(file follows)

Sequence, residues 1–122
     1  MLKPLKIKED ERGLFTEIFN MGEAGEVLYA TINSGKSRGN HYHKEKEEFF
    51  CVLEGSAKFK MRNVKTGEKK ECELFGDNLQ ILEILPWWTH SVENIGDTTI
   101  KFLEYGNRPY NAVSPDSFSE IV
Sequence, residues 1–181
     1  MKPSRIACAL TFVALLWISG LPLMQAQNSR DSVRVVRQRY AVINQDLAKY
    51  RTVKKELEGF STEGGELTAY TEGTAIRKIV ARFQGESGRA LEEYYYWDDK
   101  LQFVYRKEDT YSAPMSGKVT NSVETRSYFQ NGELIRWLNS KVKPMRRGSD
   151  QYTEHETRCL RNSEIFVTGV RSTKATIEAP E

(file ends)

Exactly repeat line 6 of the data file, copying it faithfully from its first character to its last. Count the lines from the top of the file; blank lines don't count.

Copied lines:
     1  MKPSRIACAL TFVALLWISG LPLMQAQNSR DSVRVVRQRY AVINQDLAKY